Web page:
Effect of particular medium(s) used

Your perceptions of balance, proportion and scale (relationships of each part of the composition to the whole and to each other part) and your emotional

Reaction to object or monument.

  • Interpretation: What is the subject matter or content? Is there meaning or an idea that the artist strives toward in his/her choices of elements, and principles or media? Establishing the broader context for this type of art.

It answers the question, “Why did the artist create it and what does it mean

The various elements that constitute interpretation include:

Main idea, overall meaning of the work.

Interpretive Statement: Can I express what I think the artwork is about in one sentence?

Evidence: What evidence inside or outside the artwork supports my interpretation?

  • Judgment: Draw a conclusion as to how effectively the artist uses the language of art to create a visual image that is persuasive, creates a sense of unity of form with the subject and/or content with medium chosen. Judging a piece of work means giving it rank in relation to other works and of course considering a very important aspect of the visual arts; its originality.

Is it a good artwork?

Criteria: What criteria do I think are most appropriate for judging the artwork?

Evidence: What evidence inside or outside the artwork relates to each criterion?

Judgment: Based on the criteria and evidence, what is my judgment about the quality of the artwork?

  1. Writing Skills:
  • Student will employ writing skills that exhibit proper use of grammar, spelling, punctuation, and word usage in a manner that is clear, concise and cogent.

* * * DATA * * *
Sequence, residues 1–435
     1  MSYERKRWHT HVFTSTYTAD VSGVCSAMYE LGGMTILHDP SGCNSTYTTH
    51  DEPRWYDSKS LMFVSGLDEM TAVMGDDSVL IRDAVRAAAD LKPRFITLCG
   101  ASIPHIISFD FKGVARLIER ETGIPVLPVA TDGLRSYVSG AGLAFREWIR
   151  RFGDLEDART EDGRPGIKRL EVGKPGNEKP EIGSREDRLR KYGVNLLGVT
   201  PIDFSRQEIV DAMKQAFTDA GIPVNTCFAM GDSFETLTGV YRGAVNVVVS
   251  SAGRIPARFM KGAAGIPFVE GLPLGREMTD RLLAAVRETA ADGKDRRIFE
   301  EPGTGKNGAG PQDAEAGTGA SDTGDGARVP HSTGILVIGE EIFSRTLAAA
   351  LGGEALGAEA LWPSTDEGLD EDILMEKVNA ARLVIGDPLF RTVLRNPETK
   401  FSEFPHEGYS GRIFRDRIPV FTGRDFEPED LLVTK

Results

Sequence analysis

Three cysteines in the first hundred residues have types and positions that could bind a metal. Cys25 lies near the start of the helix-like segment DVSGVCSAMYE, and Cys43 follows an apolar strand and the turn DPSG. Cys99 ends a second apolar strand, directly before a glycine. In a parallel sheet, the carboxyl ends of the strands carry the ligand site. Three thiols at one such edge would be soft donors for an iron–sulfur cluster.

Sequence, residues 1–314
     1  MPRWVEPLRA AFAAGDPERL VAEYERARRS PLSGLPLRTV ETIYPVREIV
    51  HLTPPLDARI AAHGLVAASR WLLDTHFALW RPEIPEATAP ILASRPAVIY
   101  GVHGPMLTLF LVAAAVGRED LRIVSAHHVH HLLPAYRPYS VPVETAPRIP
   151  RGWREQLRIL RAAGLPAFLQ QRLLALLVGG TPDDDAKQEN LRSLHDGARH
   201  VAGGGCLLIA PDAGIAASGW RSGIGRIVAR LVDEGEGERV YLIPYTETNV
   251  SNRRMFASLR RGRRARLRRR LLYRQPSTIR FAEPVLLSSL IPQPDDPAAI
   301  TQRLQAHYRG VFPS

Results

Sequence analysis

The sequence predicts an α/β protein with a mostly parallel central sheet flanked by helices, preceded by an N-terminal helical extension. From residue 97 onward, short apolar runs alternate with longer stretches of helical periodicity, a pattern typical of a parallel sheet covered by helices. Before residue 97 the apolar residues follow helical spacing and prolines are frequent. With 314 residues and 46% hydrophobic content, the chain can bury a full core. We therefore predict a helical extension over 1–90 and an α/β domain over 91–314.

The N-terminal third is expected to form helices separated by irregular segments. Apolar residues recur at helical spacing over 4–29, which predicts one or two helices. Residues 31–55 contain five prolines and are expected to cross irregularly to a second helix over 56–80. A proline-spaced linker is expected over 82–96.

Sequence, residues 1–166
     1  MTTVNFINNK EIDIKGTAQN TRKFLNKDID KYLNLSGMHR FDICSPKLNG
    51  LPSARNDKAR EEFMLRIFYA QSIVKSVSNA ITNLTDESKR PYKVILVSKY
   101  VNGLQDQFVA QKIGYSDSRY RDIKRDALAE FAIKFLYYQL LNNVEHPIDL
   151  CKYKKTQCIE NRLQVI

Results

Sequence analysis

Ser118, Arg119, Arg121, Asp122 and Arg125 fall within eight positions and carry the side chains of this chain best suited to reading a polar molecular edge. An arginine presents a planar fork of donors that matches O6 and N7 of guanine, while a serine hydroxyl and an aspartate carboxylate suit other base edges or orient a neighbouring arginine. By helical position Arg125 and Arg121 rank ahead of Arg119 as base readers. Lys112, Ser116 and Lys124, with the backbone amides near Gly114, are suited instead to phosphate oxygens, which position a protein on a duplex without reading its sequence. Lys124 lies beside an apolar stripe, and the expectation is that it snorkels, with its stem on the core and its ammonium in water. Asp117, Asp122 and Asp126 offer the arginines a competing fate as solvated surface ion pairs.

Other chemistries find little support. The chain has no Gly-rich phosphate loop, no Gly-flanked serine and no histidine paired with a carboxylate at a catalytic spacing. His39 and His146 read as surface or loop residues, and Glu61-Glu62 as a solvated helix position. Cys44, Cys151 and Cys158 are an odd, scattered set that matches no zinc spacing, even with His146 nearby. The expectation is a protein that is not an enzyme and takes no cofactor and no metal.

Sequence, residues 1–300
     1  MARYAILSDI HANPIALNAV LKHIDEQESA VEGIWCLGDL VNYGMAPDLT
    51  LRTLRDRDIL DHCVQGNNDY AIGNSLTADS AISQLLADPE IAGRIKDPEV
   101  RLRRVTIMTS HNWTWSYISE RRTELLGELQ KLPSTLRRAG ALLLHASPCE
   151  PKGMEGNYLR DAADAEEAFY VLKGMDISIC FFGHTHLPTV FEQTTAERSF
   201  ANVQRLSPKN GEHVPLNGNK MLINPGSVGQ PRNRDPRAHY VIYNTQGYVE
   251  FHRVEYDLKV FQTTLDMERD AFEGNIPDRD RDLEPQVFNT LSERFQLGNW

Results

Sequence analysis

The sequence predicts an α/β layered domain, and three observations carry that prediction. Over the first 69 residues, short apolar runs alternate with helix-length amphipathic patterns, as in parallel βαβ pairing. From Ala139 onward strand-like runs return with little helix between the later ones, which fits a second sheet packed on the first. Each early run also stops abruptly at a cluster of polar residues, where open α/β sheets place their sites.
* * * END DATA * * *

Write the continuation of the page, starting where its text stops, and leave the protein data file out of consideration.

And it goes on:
• Student should consider having his/her paper proofread by someone considered to have good writing skills.
  • Student will employ appropriate use of grammar, spelling, and punctuation is required.

When you visit the museum to discover the work of art you want to write about, I have provided you with a “Art Analysis Check Sheet” to help guide you in your evaluation of the work. It can be found under the content / essay in D2L.


Rubric for grading museum


90’s 80’s 70’s 60’s
Work in museum and text that show knowledge of the elements and principles of design. Clearly identified example of non-representational art. And clearly identified elements and principles of design found in the work. Identified missing, or unclear example of non-representational art. Unclearly identifying the elements and principles of design in the work Unclear or lack of identifying a work of non-representational art. Unclear understanding of the elements and principles of design. Example found online and was not on display in the museum.
Additional research is evident. Additional research is evident, examples, references, an/or citations given regarding images of non-representational art. Additional research is weak, few references to non-representational art.. Additional research is not evident, non-representational art is is mentioned, but not discussed. Citations missing. Additional research is not evident, non-representational art is not addressed in essay.
Use of citations to defend position References, citations, or footnotes are used to refer to facts gathered from both textbooks and museum labels. References, citations, or footnotes are used to refer to facts gathered from only one source. Textbook is the only source used for research, citations missing. No evidence that textbooks or other sources were used for research, no citations in essay.
Essay will be evaluated using this rubric.